1/ Trump's lawyer paid Stormy Daniels $130,000 out of his own pocket in order to buy the porn star's silence about Trump's alleged affair with her. "Neither the Trump Organization nor the Trump campaign was a party to the transaction with Ms. [Daniels]," Michael Cohen said in a statement, adding: "And neither reimbursed me for the payment, either directly or indirectly." Cohen made the October 2016 payment through his LLC in exchange for the adult-movie star signing a nondisclosure agreement about her allegations of an affair that took place shortly after Melania gave birth to Barron. (New York Times / Wall Street Journal)

  • Stormy Daniels believes she can now discuss her alleged sexual encounter with Trump after Michael Cohen invalidated her non-disclosure agreement. Cohen told the New York Times he paid her $130,000 in exchange for her signing an NDA. He's also shopped a book proposal that would detail her relationship with Trump. (Associated Press / The Blast)

2/ Trump doesn't believe Russia meddled in the 2016 presidential election, even though the heads of U.S. intelligence agencies testified to the Senate Intelligence Committee that Russia meddled in 2016 and is planning to do so again in 2018. (CNN)

  • Director of National Intelligence Dan Coats doesn't think Jared Kushner should have full access to classified information. The top Democrat on the House Judiciary Committee, meanwhile, accused the White House of "showing a blatant disregard for national security." (Washington Post / ABC News)

  • A former senior FBI official is leading BuzzFeed's effort to verify the Trump dossier and defend itself from a Russian billionaire's lawsuit. BuzzFeed in turn is suing the DNC for information the publisher believes could show a link between the Russian billionaire and the e-mail hacking, which would undercut his libel claim. (Foreign Policy / Vanity Fair)

  • Democrats have had "good discussions" with the FBI on declassifying their memo and hope to resolve the issue "very soon." Adam Schiff the White House and FBI initially wanted too much information kept from the public. (Reuters)

3/ The House Oversight Committee is investigating the White House's handling of the Rob Porter scandal and who knew what and when about the accusations of domestic violence. "I'm troubled by almost every aspect of this," House Oversight and Government Reform Committee Chairman Trey Gowdy said. "How in the hell was he still employed?" (NPR / CNN / Politico)

4/ Scott Pruitt has a "blanket waiver" to book first-class flights using taxpayer funds because past interactions that have "not been the best." The EPA says concerns about Pruitt's safety have required him to travel first and business class. (The Hill / CNBC)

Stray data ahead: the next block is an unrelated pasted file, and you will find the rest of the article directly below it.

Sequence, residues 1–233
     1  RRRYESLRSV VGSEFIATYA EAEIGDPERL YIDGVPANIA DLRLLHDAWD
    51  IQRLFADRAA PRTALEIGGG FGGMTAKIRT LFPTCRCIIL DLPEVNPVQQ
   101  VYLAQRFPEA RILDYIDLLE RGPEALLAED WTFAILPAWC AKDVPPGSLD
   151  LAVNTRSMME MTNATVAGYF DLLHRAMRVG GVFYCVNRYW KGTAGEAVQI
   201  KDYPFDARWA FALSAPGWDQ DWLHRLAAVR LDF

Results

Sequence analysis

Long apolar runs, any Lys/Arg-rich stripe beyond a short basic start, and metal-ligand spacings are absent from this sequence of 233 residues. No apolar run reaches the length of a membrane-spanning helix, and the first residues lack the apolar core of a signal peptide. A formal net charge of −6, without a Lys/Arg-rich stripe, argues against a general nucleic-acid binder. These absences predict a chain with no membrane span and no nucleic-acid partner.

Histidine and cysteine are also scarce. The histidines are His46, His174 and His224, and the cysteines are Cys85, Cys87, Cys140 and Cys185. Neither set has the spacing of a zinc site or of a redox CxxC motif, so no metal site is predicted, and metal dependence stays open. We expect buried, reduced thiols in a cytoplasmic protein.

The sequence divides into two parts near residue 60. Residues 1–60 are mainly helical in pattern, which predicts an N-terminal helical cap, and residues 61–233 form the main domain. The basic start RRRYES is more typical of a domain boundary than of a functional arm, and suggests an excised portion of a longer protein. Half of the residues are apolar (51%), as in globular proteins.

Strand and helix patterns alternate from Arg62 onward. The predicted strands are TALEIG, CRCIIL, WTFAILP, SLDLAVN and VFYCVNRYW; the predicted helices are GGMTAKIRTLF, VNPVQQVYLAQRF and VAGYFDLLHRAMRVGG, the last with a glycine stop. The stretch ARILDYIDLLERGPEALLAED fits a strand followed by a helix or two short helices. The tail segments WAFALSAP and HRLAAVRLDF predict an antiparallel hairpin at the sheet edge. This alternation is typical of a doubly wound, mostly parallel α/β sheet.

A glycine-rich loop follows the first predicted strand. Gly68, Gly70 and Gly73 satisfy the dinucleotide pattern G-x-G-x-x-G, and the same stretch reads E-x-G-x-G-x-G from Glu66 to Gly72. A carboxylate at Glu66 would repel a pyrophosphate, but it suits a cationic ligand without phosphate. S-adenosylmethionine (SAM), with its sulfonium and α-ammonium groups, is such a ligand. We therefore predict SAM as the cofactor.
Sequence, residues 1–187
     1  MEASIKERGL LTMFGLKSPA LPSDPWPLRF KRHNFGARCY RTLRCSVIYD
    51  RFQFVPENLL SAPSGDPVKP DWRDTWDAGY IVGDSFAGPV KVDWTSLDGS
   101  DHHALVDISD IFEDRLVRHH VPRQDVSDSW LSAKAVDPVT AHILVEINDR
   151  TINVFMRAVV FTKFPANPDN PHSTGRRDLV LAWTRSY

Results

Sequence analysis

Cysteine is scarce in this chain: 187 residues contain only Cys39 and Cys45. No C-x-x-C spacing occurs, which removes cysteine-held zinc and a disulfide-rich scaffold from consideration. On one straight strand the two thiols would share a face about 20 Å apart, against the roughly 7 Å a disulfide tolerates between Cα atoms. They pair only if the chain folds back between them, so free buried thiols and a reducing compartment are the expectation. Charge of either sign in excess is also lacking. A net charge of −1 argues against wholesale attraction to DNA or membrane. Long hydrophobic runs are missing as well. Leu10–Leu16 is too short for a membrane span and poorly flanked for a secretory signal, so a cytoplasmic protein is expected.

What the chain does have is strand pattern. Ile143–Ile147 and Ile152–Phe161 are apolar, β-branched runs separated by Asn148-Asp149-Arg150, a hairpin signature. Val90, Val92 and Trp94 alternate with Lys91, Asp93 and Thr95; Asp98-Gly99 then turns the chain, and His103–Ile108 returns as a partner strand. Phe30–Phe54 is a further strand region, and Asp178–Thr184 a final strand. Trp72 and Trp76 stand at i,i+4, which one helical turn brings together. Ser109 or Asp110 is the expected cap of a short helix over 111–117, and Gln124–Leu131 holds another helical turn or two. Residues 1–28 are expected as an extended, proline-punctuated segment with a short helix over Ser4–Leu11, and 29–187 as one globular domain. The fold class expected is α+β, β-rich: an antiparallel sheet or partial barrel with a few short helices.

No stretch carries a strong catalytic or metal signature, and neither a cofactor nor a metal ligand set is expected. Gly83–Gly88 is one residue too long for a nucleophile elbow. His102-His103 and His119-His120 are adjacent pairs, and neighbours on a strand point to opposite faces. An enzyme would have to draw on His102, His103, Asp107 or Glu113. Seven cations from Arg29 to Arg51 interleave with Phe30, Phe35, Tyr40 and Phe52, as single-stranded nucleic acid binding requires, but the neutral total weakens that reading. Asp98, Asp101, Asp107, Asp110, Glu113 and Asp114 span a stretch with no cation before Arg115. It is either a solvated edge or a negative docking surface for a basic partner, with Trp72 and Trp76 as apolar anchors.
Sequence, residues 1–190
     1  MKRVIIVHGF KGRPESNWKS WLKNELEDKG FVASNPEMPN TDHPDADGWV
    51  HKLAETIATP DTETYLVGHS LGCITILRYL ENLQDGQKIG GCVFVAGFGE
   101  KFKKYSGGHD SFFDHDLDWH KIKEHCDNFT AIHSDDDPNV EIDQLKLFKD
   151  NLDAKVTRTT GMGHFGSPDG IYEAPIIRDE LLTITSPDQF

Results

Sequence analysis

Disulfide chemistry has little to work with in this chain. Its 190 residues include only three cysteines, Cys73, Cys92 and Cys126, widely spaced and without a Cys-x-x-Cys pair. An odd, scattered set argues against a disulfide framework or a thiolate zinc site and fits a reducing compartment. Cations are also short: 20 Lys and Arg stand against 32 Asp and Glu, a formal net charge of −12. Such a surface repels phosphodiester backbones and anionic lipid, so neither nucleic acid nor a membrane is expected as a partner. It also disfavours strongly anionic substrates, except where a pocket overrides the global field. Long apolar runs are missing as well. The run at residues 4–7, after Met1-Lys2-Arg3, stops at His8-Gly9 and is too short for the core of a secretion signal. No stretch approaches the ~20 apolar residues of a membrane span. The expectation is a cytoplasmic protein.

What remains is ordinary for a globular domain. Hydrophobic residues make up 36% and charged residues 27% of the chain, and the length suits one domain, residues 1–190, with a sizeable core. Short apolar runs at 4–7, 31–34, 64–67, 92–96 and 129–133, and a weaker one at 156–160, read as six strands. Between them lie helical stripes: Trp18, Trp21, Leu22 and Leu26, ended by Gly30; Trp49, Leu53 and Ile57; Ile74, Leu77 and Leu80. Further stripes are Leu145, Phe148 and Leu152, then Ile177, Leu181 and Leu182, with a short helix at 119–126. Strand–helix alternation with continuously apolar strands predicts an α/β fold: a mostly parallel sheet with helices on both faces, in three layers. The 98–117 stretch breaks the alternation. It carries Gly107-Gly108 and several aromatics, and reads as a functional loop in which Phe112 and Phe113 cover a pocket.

5/ A bipartisan group of senators have reached an immigration deal that would include $25 billion for border security, provide a path to citizenship for 1.8 million Dreamers, and change the visa lottery program to a merit based system. The White House wants any immigration legislation to include the "four pillars" agreed to during a January meeting: A fix for DACA, border security, and changes to family-based immigration, and the Diversity Visa Lottery. (Politico / The Hill)

6/ Trump, meanwhile, called on lawmakers to oppose the bipartisan effort to address immigration and protections for Dreamers. Trump urged the Senate to support legislation offered by Republican Chuck Grassley, which would provide a path to citizenship for 1.8 million young immigrants, end the visa lottery program, build a border wall, and end what he calls “chain migration,” which is family-based immigration. (New York Times / Reuters)

poll/ On a generic ballot, 39% of voters say they'll support the GOP candidate for Congress in their district. 38% say they'll support the Democratic candidate. 23% are undecided. (Politico)

poll/ Voters favor Democrats 49-41 on a generic Congressional ballot. 65% of Clinton voters say they’re "very excited" to vote in the election this fall, compared to 58% of Trump voters. (Public Policy Polling)


Notables.

  1. A suspected shooter is in custody and as many as 7 people are dead after a school shooting at a South Florida high school. The authorities said there were 14 victims, but did not say if they were injured or dead. *[Developing…] *(CBS Miami / New York Times)

  2. The Veterans Affairs secretary had his chief of staff doctor an email and make false statements in order to justify the cost of his wife's travel on a 10-day trip to Europe last summer. David Shulkin ordered the VA's third-most-senior official to alter an email to make it appear that he was receiving an award from the Danish government. The VA paid more than $4,300 for his wife's airfare. (Washington Post)

  3. Refugee resettlement agencies are preparing to close more than 20 offices across the U.S. and cut back operations in more than 40 other offices after the State Department told them to pare down their operations. (Reuters)

  4. Trump's military parade would cost between $10 million and $30 million. The White House hasn't budgeted for the parade, which would require Congress to appropriate the funds, or use money that already has been approved. (Washington Post)

  5. A third White House official resigned after being informed that he would not receive a permanent security clearance due to his past use of marijuana. (Politico)

  6. Trump wants a 25-cent hike to the federal gas tax in order to pay for the White House infrastructure plan. The current federal levy is 18.4 cents a gallon on retail gasoline and 24.4 cents a gallon for diesel. The increase floated by the president would presumably put the gasoline tax at 43.4 cents and diesel tax at just under 50 cents. (CNBC)

  7. Democrats flipped a Republican seat in Florida's special election. Margaret Good beat the Republican by 7 percentage points in a district that President Trump won two years ago by a 5-point margin. (NPR)